Scientific exchanges, whether through long- or short-term visits or at professional society meetings, are vitally important to the United States. As we mentioned last year, many project collaboration meetings take place at conferences held in the United States, and not having the top international talent in attendance would be a significant problem. For example, almost every NASA mission has international partners. Scientists must periodically meet in-person, and if bureaucratic hurdles for entry into the United States are too high, they will hold their meetings elsewhere, hurting U.S. economic, technological, and scientific competitiveness. For example, in 2017, the United States lost a bid to host the 2023 General Assembly of the International Union of Crystallography in San Diego, California, and delegates specifically cited visa policy concerns as an influencing factor in their decision.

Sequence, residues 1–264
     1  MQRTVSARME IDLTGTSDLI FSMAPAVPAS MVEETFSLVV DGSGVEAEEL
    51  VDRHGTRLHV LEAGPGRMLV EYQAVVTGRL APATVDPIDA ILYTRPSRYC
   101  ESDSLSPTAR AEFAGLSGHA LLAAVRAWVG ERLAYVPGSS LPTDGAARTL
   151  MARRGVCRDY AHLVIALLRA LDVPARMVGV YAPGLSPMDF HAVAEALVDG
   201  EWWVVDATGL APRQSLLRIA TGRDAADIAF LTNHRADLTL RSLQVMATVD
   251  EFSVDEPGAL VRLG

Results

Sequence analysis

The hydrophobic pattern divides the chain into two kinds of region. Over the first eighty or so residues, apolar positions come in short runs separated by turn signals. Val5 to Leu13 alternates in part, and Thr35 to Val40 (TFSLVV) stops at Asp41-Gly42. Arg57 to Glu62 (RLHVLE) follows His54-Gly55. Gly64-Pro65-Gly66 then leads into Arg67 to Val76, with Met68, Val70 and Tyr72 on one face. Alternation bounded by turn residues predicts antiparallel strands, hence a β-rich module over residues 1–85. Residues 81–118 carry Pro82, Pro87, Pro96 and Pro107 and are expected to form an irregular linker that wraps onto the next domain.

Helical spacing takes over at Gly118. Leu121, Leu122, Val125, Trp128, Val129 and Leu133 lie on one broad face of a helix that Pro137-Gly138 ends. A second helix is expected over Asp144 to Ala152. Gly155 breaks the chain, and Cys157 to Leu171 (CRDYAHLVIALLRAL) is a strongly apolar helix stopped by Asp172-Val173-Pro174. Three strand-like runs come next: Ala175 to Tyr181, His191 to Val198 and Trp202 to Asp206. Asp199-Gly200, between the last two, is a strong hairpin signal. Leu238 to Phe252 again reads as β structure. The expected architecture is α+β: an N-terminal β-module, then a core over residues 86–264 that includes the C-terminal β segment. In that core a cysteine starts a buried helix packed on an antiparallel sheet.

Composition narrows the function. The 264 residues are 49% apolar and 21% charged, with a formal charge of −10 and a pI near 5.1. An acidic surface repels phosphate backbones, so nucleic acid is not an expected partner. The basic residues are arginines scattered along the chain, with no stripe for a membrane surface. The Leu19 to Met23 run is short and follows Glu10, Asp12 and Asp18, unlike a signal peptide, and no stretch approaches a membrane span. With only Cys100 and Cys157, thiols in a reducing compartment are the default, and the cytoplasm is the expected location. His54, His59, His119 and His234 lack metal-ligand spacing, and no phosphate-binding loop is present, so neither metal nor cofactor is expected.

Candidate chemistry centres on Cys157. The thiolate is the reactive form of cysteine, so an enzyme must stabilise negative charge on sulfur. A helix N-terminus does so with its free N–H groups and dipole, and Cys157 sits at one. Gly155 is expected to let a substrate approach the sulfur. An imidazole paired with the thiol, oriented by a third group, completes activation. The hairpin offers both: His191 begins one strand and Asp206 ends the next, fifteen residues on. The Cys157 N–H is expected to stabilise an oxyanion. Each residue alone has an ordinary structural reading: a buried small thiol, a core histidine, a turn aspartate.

Moreover, many U.S. professional societies have significant numbers of international members, and it is important for those individuals to be able to attend the U.S. societies’ meetings. In a 2012 report, PricewaterhouseCoopers reported that nearly 1.8 million meetings (not all scientific) were held in the United States. The attendance of international scientists at U.S. meetings and conferences is important in terms of the intellectual content contributed, the number of collaborations with U.S. counterparts that are created or sustained, and the benefits accrued to the United States economy.
Uncertainty about the information collected